An intersection of climate change and La Niña weather patterns have helped bring a dangerous tropical disease to Australia’s temperate regions, where the illness risks becoming endemic in the country’s livestock industry.
The disease — Japanese encephalitis virus — is not nearly as virulent or deadly as, say, the coronavirus, though it can be crippling or lethal in some cases.
But its sudden spread into Australian pig farms, and then into the humans who work there, highlights how climate, wildlife and human factors run together to introduce new diseases into regions where they were previously absent.
First words: “We’re asking anyone who works with pigs or horses, even if they’re a pet in the backyard, to keep an eye out for and report any possible signs of this disease,” Australia’s chief veterinary officer, Mark Schipp, said in a statement on Tuesday.
Behind the lines: Schipp spoke after the contagious disease was detected in eight pig farms across three southern Australian states.
“Pigs are the focus from a human health perspective as they can infect mosquitoes who then infect humans,” he said.
By Friday, the Australian government had confirmed 16 cases of encephalitis in humans, and the disease had landed one woman from New South Wales in an intensive care unit, The Guardian reported.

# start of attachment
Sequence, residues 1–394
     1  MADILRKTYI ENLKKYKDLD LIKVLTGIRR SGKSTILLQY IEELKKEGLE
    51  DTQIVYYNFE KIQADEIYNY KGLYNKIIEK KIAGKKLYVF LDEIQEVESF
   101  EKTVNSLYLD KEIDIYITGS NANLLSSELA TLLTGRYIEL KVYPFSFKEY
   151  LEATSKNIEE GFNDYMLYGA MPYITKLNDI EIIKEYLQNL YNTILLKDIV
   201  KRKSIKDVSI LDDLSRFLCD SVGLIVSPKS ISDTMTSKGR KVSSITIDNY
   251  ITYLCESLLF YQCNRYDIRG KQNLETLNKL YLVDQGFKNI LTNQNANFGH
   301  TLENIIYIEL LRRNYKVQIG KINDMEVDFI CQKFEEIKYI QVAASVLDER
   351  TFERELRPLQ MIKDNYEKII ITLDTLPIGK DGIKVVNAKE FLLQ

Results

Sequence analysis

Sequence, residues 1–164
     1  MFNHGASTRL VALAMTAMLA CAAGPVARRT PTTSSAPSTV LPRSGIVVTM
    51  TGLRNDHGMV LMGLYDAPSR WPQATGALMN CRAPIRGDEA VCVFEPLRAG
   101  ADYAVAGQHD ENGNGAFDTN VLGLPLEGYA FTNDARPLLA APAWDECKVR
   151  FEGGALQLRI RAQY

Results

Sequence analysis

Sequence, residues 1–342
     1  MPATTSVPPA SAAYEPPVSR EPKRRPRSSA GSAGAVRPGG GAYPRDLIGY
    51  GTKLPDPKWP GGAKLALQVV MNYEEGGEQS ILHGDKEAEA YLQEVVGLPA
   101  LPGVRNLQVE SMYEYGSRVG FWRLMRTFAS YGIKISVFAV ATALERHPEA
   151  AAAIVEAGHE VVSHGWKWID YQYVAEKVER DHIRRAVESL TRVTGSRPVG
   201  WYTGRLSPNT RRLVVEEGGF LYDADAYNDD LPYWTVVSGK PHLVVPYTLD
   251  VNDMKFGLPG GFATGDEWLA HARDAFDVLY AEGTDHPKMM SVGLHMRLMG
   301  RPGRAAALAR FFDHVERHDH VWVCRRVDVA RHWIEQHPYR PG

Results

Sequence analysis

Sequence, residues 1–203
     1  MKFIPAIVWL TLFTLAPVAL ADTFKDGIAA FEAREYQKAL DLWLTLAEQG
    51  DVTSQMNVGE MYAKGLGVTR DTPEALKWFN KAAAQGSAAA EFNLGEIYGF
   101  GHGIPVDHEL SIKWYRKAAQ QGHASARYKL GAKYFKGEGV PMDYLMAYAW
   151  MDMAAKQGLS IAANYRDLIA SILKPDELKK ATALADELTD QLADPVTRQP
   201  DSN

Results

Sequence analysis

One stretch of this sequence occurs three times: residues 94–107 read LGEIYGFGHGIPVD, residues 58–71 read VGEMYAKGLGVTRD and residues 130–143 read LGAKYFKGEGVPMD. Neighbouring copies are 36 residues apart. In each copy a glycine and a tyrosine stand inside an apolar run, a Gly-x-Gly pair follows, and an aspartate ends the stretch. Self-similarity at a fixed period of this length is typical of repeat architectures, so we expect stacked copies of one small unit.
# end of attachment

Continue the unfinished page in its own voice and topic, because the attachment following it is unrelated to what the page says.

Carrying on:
What is Japanese encephalitis virus? It is a mosquito-borne virus of the flavivirus family, a close relative of more famous tropical diseases like dengue, Zika, West Nile and yellow fever, according to The Conversation.
Japanese encephalitis is endemic to tropical regions of Southeast Asia and the Western Pacific, where it infects about 68,000 people a year — about 1 percent of whom go on to develop the severe and occasionally fatal brain infection, encephalitis, from which the disease takes its name, The Conversation reported.
Is pork safe? Yes — the danger is a mosquito biting a living, infected pig, then biting a human, Schipp said in his statement.
A COCKTAIL OF CLIMATE DISRUPTION AND CONTAGION
While encephalitis isn’t related to coronavirus, the dynamic of how it spreads is thought to be broadly similar: the disease is endemic in “reservoirs” circulating among wild bird populations, from which it can jump to species with which humans have closer contact.
In the case of coronavirus — specifically SARS-CoV-2, the virulent strain that caused the global pandemic — a leading theory is that the pathogen jumped from wild bat populations to wild game species sold in the Wuhan animal market, in a manner similar to the earlier MERS and SARS epidemics, as the MIT Technology Review reported.
And Japanese encephalitis? Australian scientists warn that this year’s unusually wet La Niña season flooded wetlands in the country’s far north, attracting both large flocks of waterbirds — in whom the encephalitis may have been endemic, according to The Conversation. This weather shift helped spawn large populations of mosquitoes, who carried the disease south, before introducing it to pigs, The Conversation reported.